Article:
• Weddings rings

Tons of jewelry and specifically wedding rings make it to lost property. Unclaimed valuables are auctioned off in bulk, making one person’s loss, another person’s treasure. 

  • Passports

Roughly 60 passports a month are found at airports. The issue is that once people have returned from their trip, they usually won’t notice their passport is missing until they need it next. 

Sounds ironic, right? The most important things that go missing are the ones we rely on the most. To put it into perspective, in the span of just one year, airport security collected $926,030.44 in unclaimed money left behind by travelers. The money consisted of change and bills that were removed from passengers pockets and left behind in a tray during the screening process. The airports with the highest amount of lost items are: 

  • John F. Kennedy International Airport
  • San Francisco International Airport
  • Miami International Airport
  • McCarran International Airport
  • Dallas/Fort Worth International Airport

What To Do If You Lost Something at an Airport 

Surprisingly, few people make the effort to get their forgotten items back, especially if it was left at checkpoint securities on the X-ray belt or in a tray. Most accept defeat, especially if they left something at an airport in a different country if maybe they didn’t realize it was gone until after the trip. Here are a few steps to follow when making efforts to reuniting with a lost belonging: 

  • Lost and found department. Every airport has one, and if you can make it there in time before the 90 day mark, you may be able to find your lost item. Bear in mind that your item will not be alone in a lost and found section, and looking for your missing pair of prescription glasses may be like searching for a needle in a haystack. 
  • Baggage claim office. In the event that you don’t notice immediately, head over to the airline’s baggage claim office. Typically, unclaimed items will be sent there once found. 

Tips, Tricks & Solutions 

As I mentioned earlier, there are things you can do to avoid losing your belongings. It seems as though no matter how many times I lose something – I never learn. Whether you’re a clumsy and forgetful person or not, stressful experiences can be distracting. Psychologists have studied this behavior and found that multitasking in an airport is much more complex than multitasking in our natural environments, such as our kitchens or bathrooms. While juggling so much and thinking about where to head to next, the responsibility of our belongings can easily slip our minds.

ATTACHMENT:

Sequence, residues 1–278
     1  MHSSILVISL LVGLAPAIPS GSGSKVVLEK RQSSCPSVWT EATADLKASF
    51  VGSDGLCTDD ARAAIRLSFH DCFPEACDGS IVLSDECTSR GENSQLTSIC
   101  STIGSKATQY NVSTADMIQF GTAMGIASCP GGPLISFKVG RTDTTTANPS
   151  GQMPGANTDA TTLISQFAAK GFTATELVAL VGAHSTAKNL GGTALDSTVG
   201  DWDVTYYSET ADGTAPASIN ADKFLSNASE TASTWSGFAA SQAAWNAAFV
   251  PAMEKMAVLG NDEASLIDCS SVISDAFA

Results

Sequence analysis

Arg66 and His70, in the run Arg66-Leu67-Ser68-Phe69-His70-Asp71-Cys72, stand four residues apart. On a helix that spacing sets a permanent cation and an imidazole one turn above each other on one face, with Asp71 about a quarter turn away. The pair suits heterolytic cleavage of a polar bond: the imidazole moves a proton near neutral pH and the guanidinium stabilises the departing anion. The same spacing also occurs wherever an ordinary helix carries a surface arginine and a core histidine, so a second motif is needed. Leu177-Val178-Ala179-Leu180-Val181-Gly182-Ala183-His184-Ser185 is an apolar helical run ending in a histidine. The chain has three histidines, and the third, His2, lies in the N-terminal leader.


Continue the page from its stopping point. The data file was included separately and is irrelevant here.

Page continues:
FOUND ME is a company that strives to help you with this issue. QR codes in the form of tag, labels, and stickers can be placed onto anything – laptops, phones, keys, passports, wallets, credit cards, and even your prescription glasses. When the QR code is scanned by an airport worker or even a good samaritan, it automatically connects them with you, the owner, through an automated and secure chat. Plus, it’s confidential and you don’t have to share or exchange any personal information that you don’t want to. FOUND ME is global, and can enable you to speak with the finder of your lost belongings whenever, wherever, despite any language barrier. FOUND ME will automatically translate the chat to the language your phone is set in. Making it easier than ever to communicate. 

This concept also enables you to contact the owner of any item you come across. Whether it’s at an airport, in a taxi, or on the street. The hassle of finding something and being hopeless and unable to return it is exhausting and frustrating. FOUND ME works in everybody’s favor. To learn more about everything FOUND ME has to offer, visit http://foundme.com

About us

We are all at risk of losing the people pets and valuables that mean the most to us. FOUND ME was created as a global solution to tamper this risk and provide peace of mind. We exist to protect everyone and everything important in our customer’s lives.